Saturday, 24 October 2009


In my other BLOGS I take a radical and very critical view of existing society, which, because rooted in man's (largely subconscious) Darwinian nature, I recognise as being inherently unjust, inhumane and unsustainable. In this blog I want to express and develop my ideas on a radical alternative, which I call Open Source Society.

Open Source? Because I believe the spirit of Open Source (of honesty, cooperation, sharing, mutual respect, friendly competitiveness) is what our socioeconomic order as a whole needs to be based on and permeated by. In contrast to the dishonesty, (self)-deception, greed and cut-throat competitiveness which, because of its perverted Darwinian nature, characterizes the existing political and economic order.

When I initially started to develop these ideas a few years ago I called it
nonymous society, which was meant to contrast with the anonymity of existing society. Onymous society would have been linguistically more correct, I believe, but that sounded a bit ominous. Then I learned about the spirit of Open Source (as applied to the development of software), which struck me as being exactly the adjective I was looking for.

My starting point for thinking about an alternative society is the realization that the existing political and socioeconomic order (of state and economy) is very much a product of man's (largely subconscious, rationalized and thus unrecognized) Darwinian nature (see other BLOG), which it developed over the centuries to both serve and exploit, to the advantage of those in positions of power and influence, of course. It is not the "society" we have all been taught to believe it is (a kind of extension of our original tribe, our evolved feelings of loyalty and commitment to which the state now claims for itself), but rather, an ENVIRONMENT, shaped, maintained and managed to the advantage of those in positions of power and privilege.

In the past a state ruler (e.g. king) only had to worry about keeping his vassals (fellow nobles, local rulers and priests) behind him, through a regime of class (family and interest group) solidarity, backed up by rewards, favours and the possible threat of punishment, which is no different to the way that we train and control dogs, and is an illustration of man's self-domestication.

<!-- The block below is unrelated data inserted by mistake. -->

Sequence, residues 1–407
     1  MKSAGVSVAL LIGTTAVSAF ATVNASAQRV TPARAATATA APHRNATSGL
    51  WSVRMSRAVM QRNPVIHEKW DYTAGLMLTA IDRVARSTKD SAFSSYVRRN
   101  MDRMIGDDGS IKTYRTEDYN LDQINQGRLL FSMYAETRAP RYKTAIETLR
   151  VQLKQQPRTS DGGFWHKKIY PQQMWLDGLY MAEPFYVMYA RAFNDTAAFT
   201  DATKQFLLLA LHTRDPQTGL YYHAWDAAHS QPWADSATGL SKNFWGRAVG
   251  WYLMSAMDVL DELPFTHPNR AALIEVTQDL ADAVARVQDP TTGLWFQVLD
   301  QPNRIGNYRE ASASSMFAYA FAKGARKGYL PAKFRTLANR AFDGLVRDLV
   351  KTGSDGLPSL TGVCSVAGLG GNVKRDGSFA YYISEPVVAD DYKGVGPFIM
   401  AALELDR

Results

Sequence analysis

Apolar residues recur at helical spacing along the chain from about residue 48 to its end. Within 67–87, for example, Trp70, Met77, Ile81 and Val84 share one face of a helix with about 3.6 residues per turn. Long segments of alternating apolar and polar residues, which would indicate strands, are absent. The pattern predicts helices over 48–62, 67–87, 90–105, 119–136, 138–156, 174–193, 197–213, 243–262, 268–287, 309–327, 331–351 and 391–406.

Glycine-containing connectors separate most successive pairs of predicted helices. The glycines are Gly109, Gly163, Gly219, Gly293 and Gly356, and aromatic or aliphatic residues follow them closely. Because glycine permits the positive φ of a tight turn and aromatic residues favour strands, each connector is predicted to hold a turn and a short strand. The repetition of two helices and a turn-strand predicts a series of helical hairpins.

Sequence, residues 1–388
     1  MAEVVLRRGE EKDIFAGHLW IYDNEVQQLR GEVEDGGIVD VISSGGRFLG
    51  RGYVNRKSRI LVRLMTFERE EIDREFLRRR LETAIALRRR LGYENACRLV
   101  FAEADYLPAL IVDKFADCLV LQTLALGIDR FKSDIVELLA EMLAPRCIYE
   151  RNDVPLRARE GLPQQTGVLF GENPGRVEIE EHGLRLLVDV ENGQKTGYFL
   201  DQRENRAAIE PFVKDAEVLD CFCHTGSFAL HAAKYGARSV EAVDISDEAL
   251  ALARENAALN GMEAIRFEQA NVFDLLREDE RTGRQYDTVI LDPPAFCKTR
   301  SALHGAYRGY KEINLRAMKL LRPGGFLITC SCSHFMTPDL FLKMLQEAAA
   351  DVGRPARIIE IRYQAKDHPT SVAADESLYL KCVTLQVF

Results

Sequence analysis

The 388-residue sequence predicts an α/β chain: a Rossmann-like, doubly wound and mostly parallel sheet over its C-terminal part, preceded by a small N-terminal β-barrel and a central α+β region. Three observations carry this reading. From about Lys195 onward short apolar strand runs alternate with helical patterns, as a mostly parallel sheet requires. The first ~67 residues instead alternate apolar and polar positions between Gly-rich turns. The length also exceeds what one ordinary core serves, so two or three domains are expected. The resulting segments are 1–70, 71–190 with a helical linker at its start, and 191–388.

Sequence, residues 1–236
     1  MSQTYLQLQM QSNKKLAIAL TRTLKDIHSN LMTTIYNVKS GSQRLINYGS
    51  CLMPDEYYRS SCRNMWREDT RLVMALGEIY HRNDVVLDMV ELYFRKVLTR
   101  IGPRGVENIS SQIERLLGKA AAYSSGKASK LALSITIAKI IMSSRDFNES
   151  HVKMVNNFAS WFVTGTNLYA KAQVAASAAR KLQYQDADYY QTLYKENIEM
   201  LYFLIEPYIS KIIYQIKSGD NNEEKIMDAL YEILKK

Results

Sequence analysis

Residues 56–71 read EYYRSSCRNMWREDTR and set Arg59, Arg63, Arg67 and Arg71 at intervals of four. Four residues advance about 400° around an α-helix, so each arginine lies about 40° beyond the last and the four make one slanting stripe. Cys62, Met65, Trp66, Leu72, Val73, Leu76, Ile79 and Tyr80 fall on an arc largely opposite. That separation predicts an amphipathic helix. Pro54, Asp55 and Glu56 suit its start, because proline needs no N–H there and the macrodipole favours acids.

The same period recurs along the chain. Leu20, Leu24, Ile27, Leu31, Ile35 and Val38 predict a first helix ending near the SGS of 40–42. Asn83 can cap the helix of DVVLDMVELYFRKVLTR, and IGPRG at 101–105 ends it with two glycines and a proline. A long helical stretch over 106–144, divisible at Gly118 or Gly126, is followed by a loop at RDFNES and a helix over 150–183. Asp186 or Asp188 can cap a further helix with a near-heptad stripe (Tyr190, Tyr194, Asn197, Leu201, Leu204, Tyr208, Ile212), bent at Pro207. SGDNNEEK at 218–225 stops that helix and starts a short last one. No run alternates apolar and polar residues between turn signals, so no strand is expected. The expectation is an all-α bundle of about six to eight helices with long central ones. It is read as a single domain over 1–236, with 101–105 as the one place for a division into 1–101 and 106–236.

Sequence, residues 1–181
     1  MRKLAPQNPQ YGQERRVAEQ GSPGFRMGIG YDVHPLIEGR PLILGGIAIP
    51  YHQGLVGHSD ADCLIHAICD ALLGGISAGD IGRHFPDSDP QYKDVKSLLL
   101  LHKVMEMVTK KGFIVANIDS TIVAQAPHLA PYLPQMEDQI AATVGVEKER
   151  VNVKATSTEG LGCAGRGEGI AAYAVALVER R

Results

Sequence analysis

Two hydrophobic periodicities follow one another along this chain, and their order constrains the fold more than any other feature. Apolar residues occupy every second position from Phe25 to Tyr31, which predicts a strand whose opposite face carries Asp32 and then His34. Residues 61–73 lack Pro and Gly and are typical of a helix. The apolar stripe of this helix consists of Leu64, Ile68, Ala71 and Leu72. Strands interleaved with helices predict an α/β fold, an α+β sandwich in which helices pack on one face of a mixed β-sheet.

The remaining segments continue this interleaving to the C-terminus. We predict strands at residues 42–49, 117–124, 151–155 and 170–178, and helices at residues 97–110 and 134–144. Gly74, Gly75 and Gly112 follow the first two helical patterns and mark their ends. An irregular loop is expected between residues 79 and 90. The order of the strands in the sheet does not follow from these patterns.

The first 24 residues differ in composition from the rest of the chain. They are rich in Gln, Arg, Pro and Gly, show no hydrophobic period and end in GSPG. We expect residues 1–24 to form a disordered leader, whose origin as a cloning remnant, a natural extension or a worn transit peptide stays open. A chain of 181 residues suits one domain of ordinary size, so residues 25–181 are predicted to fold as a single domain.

Just as humans domesticated animals to exploit them to their own advantage, so too we domesticated ourselves for the purpose of self-exploitation, in the artificial environment of civilization.

While Greek democracy, which we look to as the antecedent of our own, depended on the ruthless exploitation of slaves, modern democracy depends on the ruthless exploitation of itself (e.g. on wage slaves), and of course, that of the natural environment, to the extent that it is now rapidly degrading and disrupting the very basis of its own existence.

A major obstacle to recognising the above - causing us to rationalize it from sight - is that it requires the concomitant recognition of our own hitherto blindness (which we have very little, if any, conscious control over), including that of those we admire and look to for wisdom and guidance, and of the fact that we are not the "rational" and "conscious" animal we hold ourselves to be, and derive such comfort from. This is because our brains evolved not to grasp reality itself (i.e. its environment), but to interpret it, to serve its own perceived (mainly subconscious and Darwinian) advantage, which includes seeing it the way that authority and majority do. Once you do recognise it, however, in the light of man's evolutionary origins, it is pretty obvious and readily understood.

It follows from this that our civilization, as a consequence of its own ruthless self-exploitation, is doomed. We have the choice between creating a sustainable (and, while we are about it, just and humane) alternative, or perishing with it.